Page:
Publishing Industry Forecast: Readers Will Continue to Prefer Print

Ovum predicts that in 2020, consumers will still prefer print, just like these readers who are browsing magazines in a public library.

In 2020, consumers will still prefer print, just like these readers who are browsing magazines in a public library.

Believe it or not, print books, newspapers, and magazines—not their digital versions— are expected to remain the choice of consumers worldwide in 2020, according to a recent industry forecast by Ovum, a global analyst firm.

While digital is where future growth lies, it’s not growing as fast as we assume. Digital revenue is forecasted to grow by 13 percent within the next five years, from $41 billion this year to $74 billion in 2020, according to Ovum’s Digital Consumer Publishing Forecast. Digital will account for only 24 percent of overall publishing revenues in five years.

Ovum predicted that revenue from print publishing, although declining, will still account for over a third of revenues in the publishing industry by 2020. For publishers, it means they can’t afford to neglect print, while also pursuing digital.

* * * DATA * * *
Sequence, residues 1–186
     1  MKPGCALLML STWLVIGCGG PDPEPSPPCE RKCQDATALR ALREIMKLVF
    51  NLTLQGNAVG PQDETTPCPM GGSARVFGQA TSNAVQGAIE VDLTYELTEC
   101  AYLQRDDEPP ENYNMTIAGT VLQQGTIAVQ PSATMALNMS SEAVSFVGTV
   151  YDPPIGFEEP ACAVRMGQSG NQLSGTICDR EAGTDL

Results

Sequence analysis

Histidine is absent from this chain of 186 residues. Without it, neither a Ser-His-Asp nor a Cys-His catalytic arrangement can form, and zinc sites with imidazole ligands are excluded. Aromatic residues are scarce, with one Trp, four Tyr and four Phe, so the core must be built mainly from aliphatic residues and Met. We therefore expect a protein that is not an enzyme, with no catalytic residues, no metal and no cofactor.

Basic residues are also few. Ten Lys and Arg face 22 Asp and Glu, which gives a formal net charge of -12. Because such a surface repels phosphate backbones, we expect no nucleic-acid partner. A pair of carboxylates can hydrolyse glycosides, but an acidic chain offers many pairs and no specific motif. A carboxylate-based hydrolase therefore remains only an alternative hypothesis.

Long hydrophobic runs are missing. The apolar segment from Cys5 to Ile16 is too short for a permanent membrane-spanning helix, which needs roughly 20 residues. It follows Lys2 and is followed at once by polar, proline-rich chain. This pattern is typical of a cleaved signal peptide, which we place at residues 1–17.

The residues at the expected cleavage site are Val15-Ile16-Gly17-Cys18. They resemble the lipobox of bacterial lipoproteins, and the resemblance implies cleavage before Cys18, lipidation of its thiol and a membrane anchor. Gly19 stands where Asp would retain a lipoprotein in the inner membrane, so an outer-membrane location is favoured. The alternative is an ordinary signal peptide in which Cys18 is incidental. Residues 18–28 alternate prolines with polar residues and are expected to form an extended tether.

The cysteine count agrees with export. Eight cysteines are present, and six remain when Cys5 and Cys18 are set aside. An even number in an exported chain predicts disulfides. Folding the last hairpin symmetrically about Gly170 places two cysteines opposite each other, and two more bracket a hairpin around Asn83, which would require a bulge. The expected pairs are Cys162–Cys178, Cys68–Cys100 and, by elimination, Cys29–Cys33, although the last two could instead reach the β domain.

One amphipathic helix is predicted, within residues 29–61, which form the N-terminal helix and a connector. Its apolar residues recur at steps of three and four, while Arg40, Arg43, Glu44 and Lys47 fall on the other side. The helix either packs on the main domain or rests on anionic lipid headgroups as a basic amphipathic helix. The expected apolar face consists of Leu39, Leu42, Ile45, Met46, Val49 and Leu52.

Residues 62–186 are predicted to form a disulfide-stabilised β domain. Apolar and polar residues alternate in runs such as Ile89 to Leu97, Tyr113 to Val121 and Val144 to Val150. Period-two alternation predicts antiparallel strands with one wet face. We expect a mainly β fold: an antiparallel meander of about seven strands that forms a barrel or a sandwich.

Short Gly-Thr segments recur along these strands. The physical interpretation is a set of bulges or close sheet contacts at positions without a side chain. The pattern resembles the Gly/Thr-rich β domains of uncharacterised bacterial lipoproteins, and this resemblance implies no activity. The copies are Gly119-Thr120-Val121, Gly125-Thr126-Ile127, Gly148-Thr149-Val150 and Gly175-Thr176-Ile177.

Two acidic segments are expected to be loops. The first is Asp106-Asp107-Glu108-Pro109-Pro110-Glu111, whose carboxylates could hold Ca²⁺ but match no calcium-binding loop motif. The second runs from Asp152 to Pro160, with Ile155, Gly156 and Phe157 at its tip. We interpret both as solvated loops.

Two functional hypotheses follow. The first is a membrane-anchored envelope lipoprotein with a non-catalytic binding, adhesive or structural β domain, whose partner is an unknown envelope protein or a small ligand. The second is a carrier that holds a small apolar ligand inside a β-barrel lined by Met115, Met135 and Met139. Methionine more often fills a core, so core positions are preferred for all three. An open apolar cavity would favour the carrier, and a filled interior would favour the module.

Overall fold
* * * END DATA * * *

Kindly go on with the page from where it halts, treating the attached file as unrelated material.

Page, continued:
Publishing Forecast

The firm studied the revenues of book, magazine, and newspaper industries in more than 50 markets worldwide. Here are some of the highlights of Ovum’s forecast:

  • By 2020, digital will account for 42 percent of overall publishing revenues in the United States, while it will account for 37 percent of overall publishing revenues in the United Kingdom.
  • By 2020, e-books will account for more than half of consumer book revenue, but magazines and newspaper readers will still prefer print.
  • By 2020, digital’s share or revenues globally will rise to 35 percent for books, 31 percent for magazines, and 15 percent for newspapers.

You can read more about the report from MediaBriefing here.

You can read Ovum’s press release about its forecast here.

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6 Comments

  1. Great news! I love print books.

    Reply
  2. I read about the same amount of eBooks as printed books. I prefer eBooks though, I can just take my kindle with me and read whatever I have on there, whenever I have the time, otherwise I’d have to cart a suitcase full of books around with me wherever I went!

    Reply
    • I do read both print and e-books. Although I like physically holding a book, e-book offers certain advantages like you mentioned. I had to give up a lot of print books when I moved recently. I just couldn’t take all of them with me): Thanks for your comment!

      Reply
  3. But this makes me sad: “By 2020, e-books will account for more than half of consumer book revenue.”

    Reply
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